As the population grows and becomes more prosperous, the demand for electricity is expected to skyrocket. The emergence of urban centres will drive up the number of people with access to electricity from 35% to 75%. As a result, demand for electricity will grow at a steady rate of 4.1% till 2040, which is higher than any other region in the world by a considerable margin.

Therefore, there is a dire need for investment in the power sector to meet this spike in demand. Currently, investments in the energy sector have gravitated towards oil production, as a number of African economies are heavily dependent on the oil sector. The report appeals for, and predicts, a shift in these priorities over the next few decades.

Investments in SSA’s power sector

As stated in the report; “Over the next two decades, investment allocations among oil, gas, power, and coal should reflect changing priorities and the most pressing development needs. That means spending in the power sector should increase to around 50 percent of total investments, with approximately 30 percent going toward electricity distribution (see figure 2). This translates to approximately $13 billion (constant 2012 USD) of distribution investments annually through 2040—roughly twice the yearly amount between 2000 and 2017.”

SSA Budget Deficit

However, the public sector is an unlikely source of this investment, as most countries in the SSA region currently have a sizeable budget deficit. The deficit for the entire region combined stands at -4.5% of the GDP, which is considerably higher than the global average of -3.2%. Providing the required investment for the power sector would drive these deficits up by nearly 2 percentage points.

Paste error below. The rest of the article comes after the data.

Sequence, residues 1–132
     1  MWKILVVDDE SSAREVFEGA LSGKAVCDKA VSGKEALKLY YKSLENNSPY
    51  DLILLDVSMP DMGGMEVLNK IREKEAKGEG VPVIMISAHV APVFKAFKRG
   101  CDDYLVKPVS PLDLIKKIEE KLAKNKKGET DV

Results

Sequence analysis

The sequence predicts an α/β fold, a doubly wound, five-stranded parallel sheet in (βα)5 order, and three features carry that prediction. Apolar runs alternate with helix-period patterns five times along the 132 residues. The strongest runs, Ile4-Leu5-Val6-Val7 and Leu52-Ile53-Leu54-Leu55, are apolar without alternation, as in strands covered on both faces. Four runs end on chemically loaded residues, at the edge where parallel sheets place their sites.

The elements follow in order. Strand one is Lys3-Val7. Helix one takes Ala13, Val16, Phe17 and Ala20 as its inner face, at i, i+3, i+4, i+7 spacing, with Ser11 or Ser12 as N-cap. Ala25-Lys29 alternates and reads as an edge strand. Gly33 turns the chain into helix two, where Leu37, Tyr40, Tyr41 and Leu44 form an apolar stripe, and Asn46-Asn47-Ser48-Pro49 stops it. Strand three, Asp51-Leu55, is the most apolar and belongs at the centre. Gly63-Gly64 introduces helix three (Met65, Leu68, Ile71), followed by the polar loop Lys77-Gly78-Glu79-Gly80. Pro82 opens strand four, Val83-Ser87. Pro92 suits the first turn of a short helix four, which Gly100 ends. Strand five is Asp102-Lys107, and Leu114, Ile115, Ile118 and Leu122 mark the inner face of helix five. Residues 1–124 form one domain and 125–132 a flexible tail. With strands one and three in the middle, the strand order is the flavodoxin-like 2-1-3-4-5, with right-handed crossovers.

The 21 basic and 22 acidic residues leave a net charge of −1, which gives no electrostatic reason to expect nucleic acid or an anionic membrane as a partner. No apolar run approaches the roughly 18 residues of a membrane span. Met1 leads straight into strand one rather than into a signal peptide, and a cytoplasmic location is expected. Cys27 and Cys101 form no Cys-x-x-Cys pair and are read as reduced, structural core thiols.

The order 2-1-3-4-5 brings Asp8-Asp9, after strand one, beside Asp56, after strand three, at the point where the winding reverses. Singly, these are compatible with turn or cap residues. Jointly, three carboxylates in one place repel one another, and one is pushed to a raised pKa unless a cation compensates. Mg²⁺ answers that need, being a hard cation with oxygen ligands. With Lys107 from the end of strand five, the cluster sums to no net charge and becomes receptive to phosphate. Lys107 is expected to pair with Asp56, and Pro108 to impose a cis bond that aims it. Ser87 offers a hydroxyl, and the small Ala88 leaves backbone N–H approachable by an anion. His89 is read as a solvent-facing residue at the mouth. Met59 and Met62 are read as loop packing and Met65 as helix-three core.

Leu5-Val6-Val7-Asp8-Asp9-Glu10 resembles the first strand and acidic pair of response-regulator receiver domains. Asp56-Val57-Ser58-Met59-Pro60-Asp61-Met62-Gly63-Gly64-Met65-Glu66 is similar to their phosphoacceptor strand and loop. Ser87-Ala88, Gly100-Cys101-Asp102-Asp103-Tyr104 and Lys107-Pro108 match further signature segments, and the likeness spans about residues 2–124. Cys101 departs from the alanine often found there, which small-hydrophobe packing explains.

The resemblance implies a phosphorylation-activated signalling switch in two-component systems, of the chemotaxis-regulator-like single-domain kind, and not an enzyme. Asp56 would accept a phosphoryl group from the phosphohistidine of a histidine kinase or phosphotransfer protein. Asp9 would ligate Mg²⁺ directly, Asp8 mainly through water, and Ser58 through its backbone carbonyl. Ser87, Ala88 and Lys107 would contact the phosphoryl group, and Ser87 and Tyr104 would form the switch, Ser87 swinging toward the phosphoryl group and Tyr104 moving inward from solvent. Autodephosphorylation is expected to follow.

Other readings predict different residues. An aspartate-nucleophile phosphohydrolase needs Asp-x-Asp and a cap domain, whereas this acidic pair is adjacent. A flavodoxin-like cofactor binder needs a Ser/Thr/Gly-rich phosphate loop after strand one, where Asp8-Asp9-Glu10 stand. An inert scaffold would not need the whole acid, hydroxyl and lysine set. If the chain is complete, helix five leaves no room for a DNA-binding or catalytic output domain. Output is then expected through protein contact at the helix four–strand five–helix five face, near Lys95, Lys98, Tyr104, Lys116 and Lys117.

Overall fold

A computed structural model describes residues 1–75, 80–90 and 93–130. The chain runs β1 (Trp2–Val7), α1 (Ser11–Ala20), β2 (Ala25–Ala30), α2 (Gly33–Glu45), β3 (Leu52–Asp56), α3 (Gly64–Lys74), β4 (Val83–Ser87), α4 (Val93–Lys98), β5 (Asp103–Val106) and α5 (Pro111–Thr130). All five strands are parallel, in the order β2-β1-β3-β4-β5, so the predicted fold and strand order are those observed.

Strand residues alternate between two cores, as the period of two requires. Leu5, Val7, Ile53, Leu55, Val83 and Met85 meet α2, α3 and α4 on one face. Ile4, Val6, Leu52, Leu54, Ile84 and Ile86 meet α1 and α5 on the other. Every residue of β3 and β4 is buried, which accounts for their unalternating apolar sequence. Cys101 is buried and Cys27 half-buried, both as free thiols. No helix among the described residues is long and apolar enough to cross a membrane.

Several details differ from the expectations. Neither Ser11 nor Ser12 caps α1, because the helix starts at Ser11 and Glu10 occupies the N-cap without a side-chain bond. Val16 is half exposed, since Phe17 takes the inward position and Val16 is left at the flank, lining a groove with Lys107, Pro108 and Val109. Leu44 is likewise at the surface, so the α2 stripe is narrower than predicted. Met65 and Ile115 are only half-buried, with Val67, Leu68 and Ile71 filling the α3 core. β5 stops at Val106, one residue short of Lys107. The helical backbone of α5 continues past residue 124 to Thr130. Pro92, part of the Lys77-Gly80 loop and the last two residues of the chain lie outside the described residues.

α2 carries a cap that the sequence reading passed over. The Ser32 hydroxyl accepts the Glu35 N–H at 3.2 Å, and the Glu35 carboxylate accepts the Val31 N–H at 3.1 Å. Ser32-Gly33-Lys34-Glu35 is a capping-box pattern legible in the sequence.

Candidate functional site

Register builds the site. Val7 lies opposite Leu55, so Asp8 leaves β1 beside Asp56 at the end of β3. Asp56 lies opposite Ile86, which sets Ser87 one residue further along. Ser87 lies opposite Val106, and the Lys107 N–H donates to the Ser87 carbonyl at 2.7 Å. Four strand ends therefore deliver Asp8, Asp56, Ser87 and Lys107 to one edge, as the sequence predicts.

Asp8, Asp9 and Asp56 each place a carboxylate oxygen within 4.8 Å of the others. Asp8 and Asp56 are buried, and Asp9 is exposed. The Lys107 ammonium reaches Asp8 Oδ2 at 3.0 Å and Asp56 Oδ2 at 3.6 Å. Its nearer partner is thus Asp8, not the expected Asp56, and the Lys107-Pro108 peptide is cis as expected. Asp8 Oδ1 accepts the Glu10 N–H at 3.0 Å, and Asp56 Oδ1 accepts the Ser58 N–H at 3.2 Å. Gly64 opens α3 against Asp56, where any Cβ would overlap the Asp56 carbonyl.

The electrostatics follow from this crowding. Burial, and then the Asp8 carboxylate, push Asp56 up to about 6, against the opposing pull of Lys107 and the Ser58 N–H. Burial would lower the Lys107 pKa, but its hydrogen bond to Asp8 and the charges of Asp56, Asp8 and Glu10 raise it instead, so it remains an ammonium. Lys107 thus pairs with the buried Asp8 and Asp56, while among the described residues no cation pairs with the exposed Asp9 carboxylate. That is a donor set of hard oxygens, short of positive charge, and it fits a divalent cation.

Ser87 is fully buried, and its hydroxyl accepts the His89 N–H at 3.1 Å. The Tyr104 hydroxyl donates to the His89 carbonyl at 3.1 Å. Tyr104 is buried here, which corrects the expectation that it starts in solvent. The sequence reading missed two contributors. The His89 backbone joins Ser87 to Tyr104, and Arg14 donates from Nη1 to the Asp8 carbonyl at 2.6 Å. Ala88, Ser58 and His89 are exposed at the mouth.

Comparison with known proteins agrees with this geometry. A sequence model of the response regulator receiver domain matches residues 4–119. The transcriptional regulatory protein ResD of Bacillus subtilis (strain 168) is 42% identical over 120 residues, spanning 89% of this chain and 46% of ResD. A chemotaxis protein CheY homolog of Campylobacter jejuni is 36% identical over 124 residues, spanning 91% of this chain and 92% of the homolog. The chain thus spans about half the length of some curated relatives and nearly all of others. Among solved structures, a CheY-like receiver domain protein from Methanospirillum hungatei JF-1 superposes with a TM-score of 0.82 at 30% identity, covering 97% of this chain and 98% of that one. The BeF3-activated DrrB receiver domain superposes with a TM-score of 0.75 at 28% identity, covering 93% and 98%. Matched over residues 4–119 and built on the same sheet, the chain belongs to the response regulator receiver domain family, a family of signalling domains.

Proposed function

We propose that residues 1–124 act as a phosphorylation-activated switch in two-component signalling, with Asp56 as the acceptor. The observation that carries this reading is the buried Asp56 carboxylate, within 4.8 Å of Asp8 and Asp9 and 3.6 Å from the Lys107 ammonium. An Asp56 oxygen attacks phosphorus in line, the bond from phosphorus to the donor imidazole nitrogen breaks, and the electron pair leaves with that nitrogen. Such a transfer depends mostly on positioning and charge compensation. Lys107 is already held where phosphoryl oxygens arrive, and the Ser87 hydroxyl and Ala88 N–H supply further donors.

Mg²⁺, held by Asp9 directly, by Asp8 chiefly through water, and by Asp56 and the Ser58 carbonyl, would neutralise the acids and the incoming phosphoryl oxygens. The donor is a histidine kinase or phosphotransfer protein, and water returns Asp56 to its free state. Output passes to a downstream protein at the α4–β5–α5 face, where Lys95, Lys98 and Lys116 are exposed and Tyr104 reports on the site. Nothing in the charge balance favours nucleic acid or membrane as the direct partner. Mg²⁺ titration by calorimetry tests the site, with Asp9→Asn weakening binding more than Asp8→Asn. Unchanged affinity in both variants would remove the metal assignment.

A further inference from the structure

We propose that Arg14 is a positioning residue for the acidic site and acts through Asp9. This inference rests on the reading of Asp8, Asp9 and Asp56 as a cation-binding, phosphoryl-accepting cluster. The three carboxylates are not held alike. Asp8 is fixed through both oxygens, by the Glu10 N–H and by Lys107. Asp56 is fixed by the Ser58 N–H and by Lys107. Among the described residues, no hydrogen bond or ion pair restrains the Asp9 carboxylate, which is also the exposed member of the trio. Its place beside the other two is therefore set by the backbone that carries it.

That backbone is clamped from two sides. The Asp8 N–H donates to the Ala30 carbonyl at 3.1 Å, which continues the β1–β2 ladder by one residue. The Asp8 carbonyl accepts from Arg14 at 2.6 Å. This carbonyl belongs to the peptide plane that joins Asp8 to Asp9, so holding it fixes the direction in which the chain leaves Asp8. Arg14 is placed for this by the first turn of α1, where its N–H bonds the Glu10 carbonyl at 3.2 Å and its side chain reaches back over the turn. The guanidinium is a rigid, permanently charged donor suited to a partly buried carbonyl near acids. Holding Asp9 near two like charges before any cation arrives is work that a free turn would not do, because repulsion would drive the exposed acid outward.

Nevertheless, the region’s investment needs are being taken care of to some extent by international funding, primarily in the form of aid. China, for instance, is the biggest investor in the infrastructure sector of Africa, with a total investment of $21 billion in the sector. Other countries such as the US are also actively investing in the region, amounting to nearly $20 billion.

Another development that will help with the government inability to invest is the transition of power distribution systems to the private sector. Most power distribution systems across the SSA region are publicly owned, and public sector organisations are actively working to restructure their operations to meet growing demand and optimise supply. However, the ownership itself is changing hands in a number of cases.

Electricity distribution utilities ownership

As elucidated by the report; “Today, electricity distribution utilities in 38 of 48 SSA countries are under state ownership and control (see figure 4). Many of the 10 SSA countries where private sector participants have been awarded licenses to fulfill the electricity distribution obligations did so in conjunction with broader power sector reforms. PSP has also been involved on a smaller scale in other SSA countries, including Liberia and Tanzania, typically through management contracts, where private sector participants have a smaller and more focused scope of responsibilities. Even so, PSP has produced mixed results in SSA electricity markets over the past two decades.”